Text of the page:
MEETINGS BEING CANCELLED DUE TO IMPROPER NOTICE
From Office of Information Practices, January 25, 2022
The State Office of Information Practices (OIP) has recently received dozens of complaints from the public alleging deficient meeting notices for various Sunshine Law boards that were filed on the State Calendar, resulting in the cancellation of meetings.
Certain information is required to be included on meeting notices as set forth in section 92-7, HRS. When all the required information is not on a notice, OIP has no choice but to recommend boards cancel their meetings to avoid violations of the Sunshine Law, and to avoid the filing of complaints with OIP or the courts by members of the public who allege they received insufficient notice.
Some examples of frequently omitted information on notices include failure to provide instructions on how to request an auxiliary aid or service or an accommodation due to a disability and failure to provide electronic and postal contact information for submission of testimony. OIP has also seen deficient notices that announced a remote meeting being held by interactive conference technology (ICT) that failed to provide information for the public to view and participate in the meeting. For example, a notice stated the meeting will be held using Zoom but failed to provide a Zoom link. Additionally, the agenda for meetings were found to be deficient for using mere placeholders like “New Business” and failed to reasonably describe the matters that were to be discussed at the meeting.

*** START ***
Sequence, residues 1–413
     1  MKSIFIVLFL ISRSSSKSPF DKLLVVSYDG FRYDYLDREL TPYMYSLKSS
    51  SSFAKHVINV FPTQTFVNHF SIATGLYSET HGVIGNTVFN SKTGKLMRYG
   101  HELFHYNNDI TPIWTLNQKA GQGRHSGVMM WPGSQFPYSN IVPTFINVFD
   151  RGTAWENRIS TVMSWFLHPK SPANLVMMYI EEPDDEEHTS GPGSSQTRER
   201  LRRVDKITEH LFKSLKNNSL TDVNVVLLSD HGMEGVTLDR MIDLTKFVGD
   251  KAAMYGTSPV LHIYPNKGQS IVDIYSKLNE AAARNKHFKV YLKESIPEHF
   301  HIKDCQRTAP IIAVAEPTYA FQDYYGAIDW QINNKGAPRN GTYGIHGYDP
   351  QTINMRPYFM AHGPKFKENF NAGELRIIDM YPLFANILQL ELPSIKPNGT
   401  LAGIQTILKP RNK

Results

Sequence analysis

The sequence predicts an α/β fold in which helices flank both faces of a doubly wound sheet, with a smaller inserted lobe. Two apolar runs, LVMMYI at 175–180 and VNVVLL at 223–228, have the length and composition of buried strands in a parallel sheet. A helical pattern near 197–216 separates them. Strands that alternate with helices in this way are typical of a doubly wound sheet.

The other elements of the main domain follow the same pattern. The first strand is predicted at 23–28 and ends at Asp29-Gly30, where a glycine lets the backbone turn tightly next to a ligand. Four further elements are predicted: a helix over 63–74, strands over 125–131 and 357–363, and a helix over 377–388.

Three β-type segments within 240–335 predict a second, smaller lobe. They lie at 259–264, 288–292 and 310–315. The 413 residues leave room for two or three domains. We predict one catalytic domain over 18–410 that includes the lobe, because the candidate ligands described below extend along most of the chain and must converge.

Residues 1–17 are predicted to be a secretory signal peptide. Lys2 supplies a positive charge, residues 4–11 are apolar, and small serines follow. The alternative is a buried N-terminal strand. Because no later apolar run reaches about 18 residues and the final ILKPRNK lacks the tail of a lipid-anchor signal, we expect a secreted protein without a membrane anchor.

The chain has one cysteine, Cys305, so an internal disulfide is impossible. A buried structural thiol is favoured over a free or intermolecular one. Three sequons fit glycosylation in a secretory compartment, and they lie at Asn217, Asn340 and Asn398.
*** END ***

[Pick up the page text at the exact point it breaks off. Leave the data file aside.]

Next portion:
OIP encourages boards and their staff to review the extensive and updated training materials available on OIP’s Training page at oip.hawaii.gov, especially the Agenda Guidance for Sunshine Law Boards, Quick Review on meeting notice requirements, and Public Meeting Notice Checklist. Boards with questions can email or telephone OIP’s “Attorney of the Day” for guidance prior to filing their notices. Don’t be the board that has to cancel its meeting because of improper notice.
CB: Government Boards Struggle To Adapt To Hawaii’s New Open Meetings Law